4 Strange and Dark Secrets of Seattle

When we think of Seattle, three things usually come on top of our minds and they are Microsoft, Amazon, and Starbucks. Then, of course, there is the famous (or infamous) perpetual rain in Seattle. However, there’s more to the city than only coffee, rain, and MNCs. To be specific, we are talking about the darker and stranger side of the city that may enthrall you or could even weird you out a bit. There are many of these little secrets that the city has kept well-hidden for all these years, but we will focus on four of the most interesting ones in the following lines.

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The Tree that Ate a Bicycle

This one is not exactly dark, but it certainly isn’t something that you see every day either. The woods of Vashon Island have a Douglas fir tree that actually “ate” a bicycle that was left there in the year 1954 by a local man named Don Puz. The first time you see the old, rusty handles jutting out right from inside the tree, you will almost certainly make a mental note of it as being one of the most bizarre things that you have ever seen.

The “Great Black Smudge”

After a devastating fire destroyed the entire central business district of Seattle back in June 1889, the famous English writer and poet, Rudyard Kipling, visited the city and was struck by how the fire had affected the city. He called it “a horrible black smudge” as over 120 acres of land was leveled by the blaze and all that remained was dark ash and ruins. Although the place was rebuilt over the course of a few years, with the combined efforts of the citizens, you can find remnants from both before and after the fire still today.

The Waterfront Mummies

Imagine you want to buy a little souvenir to remember your trip to the city and you enter a gift shop, only to find that there are two actual, full-sized real life mummies staring at you! No, this isn’t the beginning of a horror movie, but a real fact. The underappreciated Ye Olde Curiosity Shop, which you will find on the Central Waterfront of Seattle, has two mummies by the name of Sylvester and Sylvia on display and they have been proven by the Bioanthropology Research Institute at Quinnipiac University in New Haven to be 100% authentic.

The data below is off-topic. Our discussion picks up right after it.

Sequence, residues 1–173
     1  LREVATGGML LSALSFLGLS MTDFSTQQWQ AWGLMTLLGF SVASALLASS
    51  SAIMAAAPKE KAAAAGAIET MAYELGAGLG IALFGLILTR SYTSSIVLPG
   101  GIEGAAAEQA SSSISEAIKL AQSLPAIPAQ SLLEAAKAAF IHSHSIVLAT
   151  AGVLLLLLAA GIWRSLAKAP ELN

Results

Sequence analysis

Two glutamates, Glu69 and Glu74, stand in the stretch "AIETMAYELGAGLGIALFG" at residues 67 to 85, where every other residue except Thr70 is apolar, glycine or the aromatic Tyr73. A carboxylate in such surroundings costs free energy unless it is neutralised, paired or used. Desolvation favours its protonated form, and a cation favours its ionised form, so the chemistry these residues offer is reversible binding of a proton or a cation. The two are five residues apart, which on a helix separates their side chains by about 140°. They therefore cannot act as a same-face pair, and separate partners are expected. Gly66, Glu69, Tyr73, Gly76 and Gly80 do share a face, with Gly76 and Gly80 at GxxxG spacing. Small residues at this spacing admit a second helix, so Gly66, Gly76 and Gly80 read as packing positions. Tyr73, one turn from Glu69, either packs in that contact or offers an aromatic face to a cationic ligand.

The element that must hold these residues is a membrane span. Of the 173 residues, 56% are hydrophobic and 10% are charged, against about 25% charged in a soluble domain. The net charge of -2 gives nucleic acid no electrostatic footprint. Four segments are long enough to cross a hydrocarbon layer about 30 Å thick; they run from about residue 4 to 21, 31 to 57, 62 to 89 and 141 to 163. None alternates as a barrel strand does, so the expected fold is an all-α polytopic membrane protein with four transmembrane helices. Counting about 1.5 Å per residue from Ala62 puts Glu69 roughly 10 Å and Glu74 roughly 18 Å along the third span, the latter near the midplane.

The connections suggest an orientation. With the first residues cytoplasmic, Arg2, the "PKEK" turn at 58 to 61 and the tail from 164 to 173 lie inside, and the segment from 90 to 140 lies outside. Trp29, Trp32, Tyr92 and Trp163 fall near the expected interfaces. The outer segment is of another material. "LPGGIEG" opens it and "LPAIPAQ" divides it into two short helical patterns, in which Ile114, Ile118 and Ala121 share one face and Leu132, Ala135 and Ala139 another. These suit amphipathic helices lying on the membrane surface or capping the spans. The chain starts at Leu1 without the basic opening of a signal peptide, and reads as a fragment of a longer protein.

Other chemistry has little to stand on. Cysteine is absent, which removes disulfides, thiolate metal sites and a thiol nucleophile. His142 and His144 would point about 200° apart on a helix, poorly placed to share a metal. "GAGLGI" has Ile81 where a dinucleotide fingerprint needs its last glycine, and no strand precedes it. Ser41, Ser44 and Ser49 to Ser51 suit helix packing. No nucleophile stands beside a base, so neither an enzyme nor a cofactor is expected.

The Crazy Ghost of Congressman Marion Zioncheck

Marion Zioncheck died in 1936 after he committed suicide by jumping off from the 5th floor of his office in the Arctic Building. The Arctic Building has since been turned into a hotel and several guests in the hotel have complained that the ghost of the crazy congressman still haunts the 5th floor and the elevator. If you are wondering why he is being referred to as “crazy”, then consider the facts that he sent a truck full of manure to FBI director J. Edgar Hoover and a gift box full of empty beer bottles and moth balls to President Roosevelt himself!

If some of the above facts got you a bit creeped out, don’t worry because there’s also a ton of other things to do in Seattle than just stare at mummies or look for century-old ghosts.

In fact, you probably would have never even noticed any of these dark and strange things about the city if we hadn’t told you about them. But since we did and you read the whole thing, maybe you should check a few of these out yourself.